crushed when producing cherry juice. In this way, chemicalcompounds, i.e. benzaldehyde and hydrogencyanide, are re-leased

    The crushed fruits are pumped to the spiraflow (capacity: 20tons/h) with a max. pressure of 40 bar

    The fruit mass is heated to approximately 75oC in the spira-flow. The running time is 8 min and the holding time 2 min.The fruit mass is heated in order to denature the undesiredenzymes found in the berries or cherries, i.e. perioxidase andpolyfenoloxidase. These enzymes oxidate the phenols

    The fruit mass is cooled down to 4555oC before enzymetreatment

    Enzyme treatment is different for cherries and black currant.Black currant contains a larger amount of pectin. Pectinpolymers have the capability of developing stabilising gels in

    contact with water. These polymers should be destroyed inorder to achieve an acceptable yield. 810 l of pectinase areused per 20 tons of berries. The enzyme treatment takesplace for 2-6 hours (depending on the amount of pectin) at50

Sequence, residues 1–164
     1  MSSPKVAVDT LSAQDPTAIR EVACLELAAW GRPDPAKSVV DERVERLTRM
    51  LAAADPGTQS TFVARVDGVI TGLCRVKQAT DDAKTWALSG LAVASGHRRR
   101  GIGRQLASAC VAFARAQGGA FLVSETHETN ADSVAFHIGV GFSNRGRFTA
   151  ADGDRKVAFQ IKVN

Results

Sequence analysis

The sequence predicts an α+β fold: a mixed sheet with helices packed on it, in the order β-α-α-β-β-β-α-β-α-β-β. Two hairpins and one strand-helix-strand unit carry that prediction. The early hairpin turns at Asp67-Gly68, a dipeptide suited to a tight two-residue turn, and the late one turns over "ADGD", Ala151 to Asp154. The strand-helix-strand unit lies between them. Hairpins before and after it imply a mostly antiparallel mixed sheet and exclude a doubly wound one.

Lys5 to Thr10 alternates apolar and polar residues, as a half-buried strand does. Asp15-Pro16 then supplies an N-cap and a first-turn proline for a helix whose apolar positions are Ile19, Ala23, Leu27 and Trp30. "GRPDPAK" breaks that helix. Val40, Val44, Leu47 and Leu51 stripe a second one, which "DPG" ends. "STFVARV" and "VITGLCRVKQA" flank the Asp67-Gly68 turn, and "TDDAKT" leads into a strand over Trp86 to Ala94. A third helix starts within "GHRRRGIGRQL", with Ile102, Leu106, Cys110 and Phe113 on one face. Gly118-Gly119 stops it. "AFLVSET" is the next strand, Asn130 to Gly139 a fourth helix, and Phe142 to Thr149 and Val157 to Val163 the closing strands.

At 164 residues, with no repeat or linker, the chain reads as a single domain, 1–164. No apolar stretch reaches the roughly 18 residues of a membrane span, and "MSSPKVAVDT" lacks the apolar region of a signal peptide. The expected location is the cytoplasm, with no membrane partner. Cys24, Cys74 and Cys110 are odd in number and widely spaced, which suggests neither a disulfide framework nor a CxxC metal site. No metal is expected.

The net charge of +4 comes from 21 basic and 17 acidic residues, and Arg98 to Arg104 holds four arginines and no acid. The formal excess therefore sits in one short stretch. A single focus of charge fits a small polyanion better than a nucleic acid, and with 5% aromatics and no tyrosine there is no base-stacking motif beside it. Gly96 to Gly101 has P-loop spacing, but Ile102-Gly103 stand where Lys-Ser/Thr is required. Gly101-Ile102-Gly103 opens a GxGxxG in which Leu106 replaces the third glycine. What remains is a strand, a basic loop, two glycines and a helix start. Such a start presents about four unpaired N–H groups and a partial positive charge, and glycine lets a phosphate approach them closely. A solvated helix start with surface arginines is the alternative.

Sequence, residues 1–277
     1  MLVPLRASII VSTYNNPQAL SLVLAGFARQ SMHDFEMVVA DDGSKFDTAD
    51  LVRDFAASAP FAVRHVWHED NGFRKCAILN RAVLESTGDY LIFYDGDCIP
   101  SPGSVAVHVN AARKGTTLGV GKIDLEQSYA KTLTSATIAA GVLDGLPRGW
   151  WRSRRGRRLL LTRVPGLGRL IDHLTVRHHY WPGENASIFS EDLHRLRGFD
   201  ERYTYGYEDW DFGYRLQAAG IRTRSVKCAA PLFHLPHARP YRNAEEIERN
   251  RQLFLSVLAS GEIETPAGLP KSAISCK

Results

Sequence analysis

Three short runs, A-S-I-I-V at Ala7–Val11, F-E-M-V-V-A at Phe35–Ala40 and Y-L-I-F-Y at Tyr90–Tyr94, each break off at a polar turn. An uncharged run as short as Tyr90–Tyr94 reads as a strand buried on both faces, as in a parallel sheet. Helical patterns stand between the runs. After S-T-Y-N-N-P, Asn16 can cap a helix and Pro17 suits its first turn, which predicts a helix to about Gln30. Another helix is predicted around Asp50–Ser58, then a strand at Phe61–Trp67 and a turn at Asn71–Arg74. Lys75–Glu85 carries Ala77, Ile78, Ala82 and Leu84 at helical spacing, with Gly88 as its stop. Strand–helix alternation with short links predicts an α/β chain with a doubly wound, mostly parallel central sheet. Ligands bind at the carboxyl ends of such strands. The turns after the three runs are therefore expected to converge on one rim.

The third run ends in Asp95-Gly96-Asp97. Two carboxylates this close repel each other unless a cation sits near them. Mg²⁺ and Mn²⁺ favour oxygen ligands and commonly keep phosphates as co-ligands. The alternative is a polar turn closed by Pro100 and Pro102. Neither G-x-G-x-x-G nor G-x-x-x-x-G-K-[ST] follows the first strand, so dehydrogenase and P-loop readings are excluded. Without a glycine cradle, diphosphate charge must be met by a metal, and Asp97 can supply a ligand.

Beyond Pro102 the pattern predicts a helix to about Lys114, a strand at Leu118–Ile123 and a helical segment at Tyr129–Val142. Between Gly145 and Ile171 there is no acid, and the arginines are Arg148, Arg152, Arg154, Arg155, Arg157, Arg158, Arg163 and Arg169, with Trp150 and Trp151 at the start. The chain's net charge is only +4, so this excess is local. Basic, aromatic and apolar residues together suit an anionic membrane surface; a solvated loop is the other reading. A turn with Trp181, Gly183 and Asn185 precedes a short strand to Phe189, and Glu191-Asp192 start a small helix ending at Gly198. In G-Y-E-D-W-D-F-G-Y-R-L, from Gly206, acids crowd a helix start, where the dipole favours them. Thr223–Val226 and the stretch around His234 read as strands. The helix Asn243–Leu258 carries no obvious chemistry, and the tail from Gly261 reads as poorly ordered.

oC. Occasionally, - 1 l of pectinase per 20 tons of cher-

    ries are added when producing cherry juice. In this case, theenzyme treatment takes place for -1 h at 50

    oC

    The fruit mass is then pressed in batch of 500-1500 kg. At

    Vall Saft, there are 3 bucher pressers with a pore size of 5mm

    2, and between 4 and 7 tons of fruit mass are pressed per

    hour

    The juice coming from the presser is pasteurised for 60 sec-onds at 98

    oC with a flow of 18 tons per hour

    After pasteurisation, the fruit mass is cooled down to 45-50

    oC

    During clarification, 0.6 kg of gelatine dissolved in 40 l ofwater are added to 20 tons of juice. All this is stirred for 5min both before and after adding 5 kg of kieselsol. This step

    takes place for 2-6 hours, depending on the sedimentation.Gelatine is a collagen protein, which attaches to polyphenols